“As I walked out the door toward the gate that would lead to my freedom, I knew if I didn’t leave my bitterness and hatred behind, I’d still be in prison.”
– Nelson Mandela
To be free in New York, I must leave behind the bitterness and hatred towards the reinforced concrete and smog.
Like a white blood cell, I make my way in dark evening hours along the dense network of veins/highways to the community of Ganas on Staten Island. I’m tired of hundreds of loops, exits, intersections, bridges… where I had to navigate precisely amidst thousands of other speeding blood cells.
The heart of this metropolis is clearly in great shape, as the blood cells pushed me forward at 80 miles per hour (130 km/h), past the many signs saying 55! (90 km/h). Thinner veins thickened near the city and conglomerated into nodes and whole clumps of ever smaller veins. Bridges and exits are bottlenecks where blood cells slow down for a few minutes before rushing ahead again. The most impatient blood cells whooshed past others wherever they could.
I sigh in relief when I find myself in narrow streets, suburban capillaries, where speed bumps dictate a calm 25 mph (40 km/h). Almost there! I just have to make my way past these luxurious villas and reach the worn-down “center” that overlooks Manhattan.
Ganas intentional community on Staten Island consists of a few neighboring houses that are home to very interesting individuals. My visit is too short to meet more than a handful, but these few give me a good impression of the urban culture in the communities right now. They are friendly and open, as befits a community, the shared dinner is varied and tasty, and chatting with people is invigorating.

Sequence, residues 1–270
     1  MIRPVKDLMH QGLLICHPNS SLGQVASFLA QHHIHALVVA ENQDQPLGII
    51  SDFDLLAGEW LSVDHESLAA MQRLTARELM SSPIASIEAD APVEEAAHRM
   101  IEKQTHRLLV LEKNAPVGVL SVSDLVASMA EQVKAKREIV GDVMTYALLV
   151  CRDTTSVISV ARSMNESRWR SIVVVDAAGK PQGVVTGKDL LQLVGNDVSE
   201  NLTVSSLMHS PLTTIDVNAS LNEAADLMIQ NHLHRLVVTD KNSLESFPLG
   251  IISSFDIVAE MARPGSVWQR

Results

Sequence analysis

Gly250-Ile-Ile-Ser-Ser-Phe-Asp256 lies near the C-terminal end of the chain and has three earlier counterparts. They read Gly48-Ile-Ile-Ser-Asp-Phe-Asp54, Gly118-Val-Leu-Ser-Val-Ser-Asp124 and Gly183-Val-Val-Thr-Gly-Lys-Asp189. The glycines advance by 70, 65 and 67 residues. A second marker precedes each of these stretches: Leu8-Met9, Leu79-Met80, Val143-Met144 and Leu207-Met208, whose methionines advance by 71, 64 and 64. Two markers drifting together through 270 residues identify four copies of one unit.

I am not inspired by the attitude to Covid (they encourage the wearing of masks even now), as well as the attitude towards the phenomenon of “social justice”. But those are trends and let them be — I won’t be engaging with this community in deeper ways. It’s been a long time since I stopped being weirded out by any weirdness, let alone herd behaviors.
From Staten Island, I take the free ferry to Manhattan, which offers a great view of the iconic Statue of Liberty, as well as the skyline of Manhattan.
Cynthia and I are looking for a relatively quiet space for videos for an interesting startup. Utopia! We do what we can, given the circumstances.
Towards evening we meet up with a few American Dragon Dreamers. Nice, enthusiastic people I only knew from screens, and now we’re meeting live for the first time. A pleasant walk along the Hudson River revealed where we should have gone right away to find quiet surroundings with good views.
Dinner with a view of the river and the skyline of Jersey City on the other bank was the reward for the effort, followed by an overnight stay and then a drive back to Vermont in the rain.
After four hours of buzzing down narrow veins alongside other blood cells, we stopped in the Sirius community near the city of Springfield. One of the older ecovillages in the US is still flourishing today. It’s really nice to see wooden houses in the forest, south-facing greenhouses, and to chat with one of the elders of the community.
The pulse of the metropolis tickled my guts. It’s no wonder why we’re so drawn to this pulse. But the countryside feeds my guts, feeds my spirit. A tickle is fine every now and then, but the nourishment is what I need every day.
In the middle of the night, I am awakened by snow sliding from the roof and a muffled “poof-poof-poof-poof…” as the mass of snow lands on top of the pile of snow from before. Ah, how pleasant, compared to New York’s sirens, engines, pipes whistling, floors creaking…
I’m a white blood cell. I am slowly moving along the lymphatic vessel in the background of all the hustle and bustle that takes place near our (too?) big heart. Veins saturated with insanity need little cleaners who do their work best when they leave bitterness and hatred behind. They must realize that freedom is always a subjective, internal state and that the “prison” to which we are condemned is a magical class of wisdom.